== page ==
Let me tell you a story, A Story About My Uncle. Okay, so this isn’t my story, but it is about an upcoming indie game that I think looks really interesting.
It’s about a boy, armed with nothing but a grappling hook, who is searching for his lost uncle and somehow ends up in a beautifully alien landscape. The best thing about this first-person adventure platforming game? It’s completely non-violent.
Don’t get me wrong, I have nothing against violence in videogames. I’m not squeamish about fake blood, and I’ve no problem shooting, stabbing, or blowing up enemies when the occasion calls for it. Sometimes, mechanically speaking, violence is consistent with a game’s narrative.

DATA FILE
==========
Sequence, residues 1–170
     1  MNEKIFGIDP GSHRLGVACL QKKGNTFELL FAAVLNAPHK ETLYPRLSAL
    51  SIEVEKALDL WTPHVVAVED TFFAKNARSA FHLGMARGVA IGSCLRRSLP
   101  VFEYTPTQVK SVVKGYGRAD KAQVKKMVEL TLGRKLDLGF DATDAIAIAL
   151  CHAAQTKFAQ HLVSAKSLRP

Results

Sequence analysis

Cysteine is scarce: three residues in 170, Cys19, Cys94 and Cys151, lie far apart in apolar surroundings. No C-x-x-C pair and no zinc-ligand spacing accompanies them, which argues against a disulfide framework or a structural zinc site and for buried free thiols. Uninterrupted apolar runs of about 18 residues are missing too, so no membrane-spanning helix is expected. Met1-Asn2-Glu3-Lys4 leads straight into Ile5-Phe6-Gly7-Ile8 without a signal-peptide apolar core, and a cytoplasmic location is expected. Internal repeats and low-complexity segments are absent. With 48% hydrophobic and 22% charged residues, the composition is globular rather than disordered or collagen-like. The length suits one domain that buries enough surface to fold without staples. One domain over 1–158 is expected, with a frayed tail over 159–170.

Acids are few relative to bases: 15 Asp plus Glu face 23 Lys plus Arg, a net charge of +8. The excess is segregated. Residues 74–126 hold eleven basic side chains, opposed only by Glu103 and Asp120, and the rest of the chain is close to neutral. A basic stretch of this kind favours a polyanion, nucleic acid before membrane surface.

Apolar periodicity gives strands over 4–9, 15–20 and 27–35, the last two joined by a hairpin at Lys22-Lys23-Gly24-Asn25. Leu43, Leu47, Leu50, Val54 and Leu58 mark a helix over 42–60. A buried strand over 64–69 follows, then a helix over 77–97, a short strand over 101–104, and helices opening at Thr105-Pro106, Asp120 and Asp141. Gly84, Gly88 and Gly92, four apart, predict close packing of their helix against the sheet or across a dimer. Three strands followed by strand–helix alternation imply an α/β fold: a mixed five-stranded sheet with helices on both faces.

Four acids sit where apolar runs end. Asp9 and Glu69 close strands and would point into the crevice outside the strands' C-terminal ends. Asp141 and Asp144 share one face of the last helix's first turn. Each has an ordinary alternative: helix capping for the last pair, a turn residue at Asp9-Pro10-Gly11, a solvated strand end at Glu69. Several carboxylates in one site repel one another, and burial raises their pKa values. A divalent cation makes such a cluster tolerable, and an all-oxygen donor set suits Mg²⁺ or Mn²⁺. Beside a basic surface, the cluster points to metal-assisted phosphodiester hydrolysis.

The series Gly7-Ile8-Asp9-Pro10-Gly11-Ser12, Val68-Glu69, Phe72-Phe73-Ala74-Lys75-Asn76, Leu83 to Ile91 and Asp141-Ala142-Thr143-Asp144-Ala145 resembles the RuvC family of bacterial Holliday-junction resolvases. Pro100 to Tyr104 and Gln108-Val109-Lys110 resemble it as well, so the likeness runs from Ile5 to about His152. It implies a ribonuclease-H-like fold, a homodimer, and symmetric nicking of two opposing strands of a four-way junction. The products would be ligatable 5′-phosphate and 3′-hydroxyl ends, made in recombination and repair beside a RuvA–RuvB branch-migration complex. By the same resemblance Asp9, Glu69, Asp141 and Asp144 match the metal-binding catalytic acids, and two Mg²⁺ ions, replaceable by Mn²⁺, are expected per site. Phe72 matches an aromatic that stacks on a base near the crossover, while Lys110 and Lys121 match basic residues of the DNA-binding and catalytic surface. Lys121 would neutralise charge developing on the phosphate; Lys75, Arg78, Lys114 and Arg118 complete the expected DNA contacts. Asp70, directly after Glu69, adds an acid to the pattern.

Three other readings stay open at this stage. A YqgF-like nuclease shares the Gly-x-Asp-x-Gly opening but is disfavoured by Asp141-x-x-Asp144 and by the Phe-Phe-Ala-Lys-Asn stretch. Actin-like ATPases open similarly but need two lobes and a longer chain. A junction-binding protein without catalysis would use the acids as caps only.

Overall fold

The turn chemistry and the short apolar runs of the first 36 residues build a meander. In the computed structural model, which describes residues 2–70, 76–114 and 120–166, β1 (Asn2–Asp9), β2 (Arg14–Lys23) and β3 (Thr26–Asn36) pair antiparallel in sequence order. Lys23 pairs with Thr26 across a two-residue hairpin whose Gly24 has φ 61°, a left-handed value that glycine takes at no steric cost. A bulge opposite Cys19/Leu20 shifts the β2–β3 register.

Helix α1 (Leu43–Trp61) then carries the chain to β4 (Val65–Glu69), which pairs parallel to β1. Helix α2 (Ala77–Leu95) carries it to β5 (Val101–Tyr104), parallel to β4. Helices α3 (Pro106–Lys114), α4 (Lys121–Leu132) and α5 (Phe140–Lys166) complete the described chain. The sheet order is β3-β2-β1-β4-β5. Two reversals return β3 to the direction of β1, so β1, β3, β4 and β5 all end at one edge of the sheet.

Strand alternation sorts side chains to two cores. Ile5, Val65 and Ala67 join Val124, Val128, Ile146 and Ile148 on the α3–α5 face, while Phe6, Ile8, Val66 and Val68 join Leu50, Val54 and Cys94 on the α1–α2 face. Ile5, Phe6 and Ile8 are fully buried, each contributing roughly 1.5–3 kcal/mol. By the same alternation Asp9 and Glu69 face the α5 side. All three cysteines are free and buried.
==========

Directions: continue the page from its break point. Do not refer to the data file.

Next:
Imagine a game like Fallout 3 without guns. In post-apocalyptic America, it goes without saying that survival would necessitate the use of firearms. Or a game like Left 4 Dead: what else are you supposed to do, have a nice long chat with the zombies about why they shouldn’t eat you?
There are some games where violence just makes sense. But there are others in which violence seems incompatible with the story and its themes, causing so-called “ludonarrative dissonance.” For the record, I hate that term as much as you probably do: it’s offensively pretentious and jargon-y, but so far it’s all we’ve got.
Anyway, A Story About My Uncle is one of those games: violence would seem superfluous, forced even. Which is why the decision to make it a non-violent game is so sensible.